On a side note. Berkley engineered the "perfect" crankbait, lots of research in the test tanks, pro's letting them use there "honey" baits, measurements, etc.... to come up with the ever so popular..... :? what was that series. Might be a good place to start. I might have the article laying around still.

Edited by Travis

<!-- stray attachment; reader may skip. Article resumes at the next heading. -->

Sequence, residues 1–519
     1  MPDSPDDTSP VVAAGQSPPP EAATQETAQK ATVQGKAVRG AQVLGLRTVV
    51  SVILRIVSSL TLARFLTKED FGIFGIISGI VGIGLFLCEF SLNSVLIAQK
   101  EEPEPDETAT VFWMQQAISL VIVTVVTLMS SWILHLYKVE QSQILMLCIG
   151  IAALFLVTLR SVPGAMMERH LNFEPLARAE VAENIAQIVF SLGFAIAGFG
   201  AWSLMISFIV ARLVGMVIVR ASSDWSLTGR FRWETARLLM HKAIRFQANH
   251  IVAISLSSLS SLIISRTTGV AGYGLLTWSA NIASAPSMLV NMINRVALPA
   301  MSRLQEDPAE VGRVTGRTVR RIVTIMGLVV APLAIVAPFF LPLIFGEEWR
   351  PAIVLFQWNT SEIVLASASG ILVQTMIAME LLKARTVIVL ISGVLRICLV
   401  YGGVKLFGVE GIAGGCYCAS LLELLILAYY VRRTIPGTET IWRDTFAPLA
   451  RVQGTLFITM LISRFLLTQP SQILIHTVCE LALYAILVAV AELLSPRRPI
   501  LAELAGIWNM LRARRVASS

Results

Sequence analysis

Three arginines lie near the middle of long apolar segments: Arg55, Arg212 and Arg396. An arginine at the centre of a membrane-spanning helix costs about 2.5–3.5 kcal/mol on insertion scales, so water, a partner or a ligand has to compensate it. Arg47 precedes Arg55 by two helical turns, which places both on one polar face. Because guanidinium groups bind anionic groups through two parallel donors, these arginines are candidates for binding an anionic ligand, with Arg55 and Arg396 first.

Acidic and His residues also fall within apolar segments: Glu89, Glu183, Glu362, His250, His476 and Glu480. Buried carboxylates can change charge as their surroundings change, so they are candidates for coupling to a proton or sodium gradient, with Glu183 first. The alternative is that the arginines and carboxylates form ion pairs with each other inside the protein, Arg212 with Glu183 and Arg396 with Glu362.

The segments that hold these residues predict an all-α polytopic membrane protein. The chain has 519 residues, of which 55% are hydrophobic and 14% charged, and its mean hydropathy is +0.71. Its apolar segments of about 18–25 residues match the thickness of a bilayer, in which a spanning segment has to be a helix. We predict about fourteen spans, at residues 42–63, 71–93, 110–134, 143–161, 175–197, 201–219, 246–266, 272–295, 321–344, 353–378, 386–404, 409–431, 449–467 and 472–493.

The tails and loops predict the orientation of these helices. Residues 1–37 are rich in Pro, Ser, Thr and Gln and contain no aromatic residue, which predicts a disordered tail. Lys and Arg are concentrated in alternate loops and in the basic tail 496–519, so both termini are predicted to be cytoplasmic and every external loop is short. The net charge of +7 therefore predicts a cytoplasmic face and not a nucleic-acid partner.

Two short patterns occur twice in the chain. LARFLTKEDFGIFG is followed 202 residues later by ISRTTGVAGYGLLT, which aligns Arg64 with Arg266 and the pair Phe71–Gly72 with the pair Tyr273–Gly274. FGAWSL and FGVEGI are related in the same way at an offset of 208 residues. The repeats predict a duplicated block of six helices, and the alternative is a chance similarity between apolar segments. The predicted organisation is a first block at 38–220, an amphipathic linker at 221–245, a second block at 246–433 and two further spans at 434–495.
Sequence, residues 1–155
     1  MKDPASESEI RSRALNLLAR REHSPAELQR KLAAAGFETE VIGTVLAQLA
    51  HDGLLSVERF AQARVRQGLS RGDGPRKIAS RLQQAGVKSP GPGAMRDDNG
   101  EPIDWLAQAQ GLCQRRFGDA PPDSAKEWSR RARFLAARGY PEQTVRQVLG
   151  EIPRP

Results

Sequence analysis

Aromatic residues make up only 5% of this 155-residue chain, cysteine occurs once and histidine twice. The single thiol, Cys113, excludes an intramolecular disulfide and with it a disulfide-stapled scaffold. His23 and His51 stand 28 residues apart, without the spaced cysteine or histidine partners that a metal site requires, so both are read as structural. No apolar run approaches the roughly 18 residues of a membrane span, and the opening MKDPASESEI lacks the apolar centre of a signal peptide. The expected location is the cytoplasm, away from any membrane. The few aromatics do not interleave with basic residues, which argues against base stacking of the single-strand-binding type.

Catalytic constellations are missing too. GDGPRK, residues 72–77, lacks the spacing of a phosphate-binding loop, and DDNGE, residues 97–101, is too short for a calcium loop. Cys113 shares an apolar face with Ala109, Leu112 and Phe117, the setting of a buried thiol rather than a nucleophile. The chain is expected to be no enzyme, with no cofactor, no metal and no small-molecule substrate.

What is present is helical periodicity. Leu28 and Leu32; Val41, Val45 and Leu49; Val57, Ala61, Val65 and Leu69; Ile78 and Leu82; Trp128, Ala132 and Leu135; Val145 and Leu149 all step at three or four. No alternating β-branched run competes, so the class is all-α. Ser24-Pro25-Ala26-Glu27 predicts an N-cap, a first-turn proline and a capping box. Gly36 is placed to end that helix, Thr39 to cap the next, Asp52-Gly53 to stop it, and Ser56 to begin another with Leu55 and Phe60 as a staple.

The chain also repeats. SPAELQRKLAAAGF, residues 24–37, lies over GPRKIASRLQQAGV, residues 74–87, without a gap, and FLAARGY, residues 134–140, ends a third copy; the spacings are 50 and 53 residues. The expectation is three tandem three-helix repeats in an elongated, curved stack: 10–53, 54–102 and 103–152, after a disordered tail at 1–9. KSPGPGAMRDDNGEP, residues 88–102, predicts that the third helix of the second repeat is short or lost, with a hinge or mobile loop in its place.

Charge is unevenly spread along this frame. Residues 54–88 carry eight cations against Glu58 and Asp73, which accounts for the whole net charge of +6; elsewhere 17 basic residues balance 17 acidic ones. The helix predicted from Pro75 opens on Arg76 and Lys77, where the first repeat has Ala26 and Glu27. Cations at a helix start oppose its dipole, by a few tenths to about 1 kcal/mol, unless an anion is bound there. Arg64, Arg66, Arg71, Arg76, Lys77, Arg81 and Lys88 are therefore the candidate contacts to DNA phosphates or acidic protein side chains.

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Cory - take a look at topics dealing with vortex shedding and drag coefficients. These are used in flow measurment instrumentation, piping hydraulics, smoke stack design. A vortex flow meter has a bluff body across a fluid flow in a pipe that generate vortices (pressure pulses) downstream. These pulses are measured and related to flow rates. All to do with hydraulic physicss. Don't fret too much about it though because in reality manufacturers make an instrument and test it in a test flow tank to come up with performance and design calculations. What I'm suggesting is that maybe you can come up with a test tank (lake or pond or swimming pool) and test a design. Then you can relate the wake frequency(wobble) to the shape. Then take the lure to a lake and test it's fish catching. (Why not come up with a 'scientific' reason to hit the lake during class. Tell the Prof- need to collect testing data. please can I have a pass? Wish I had thought about it when I was in school. Now I have to be creative to leave the house and not do 'honey' do list item. Good luck with your project.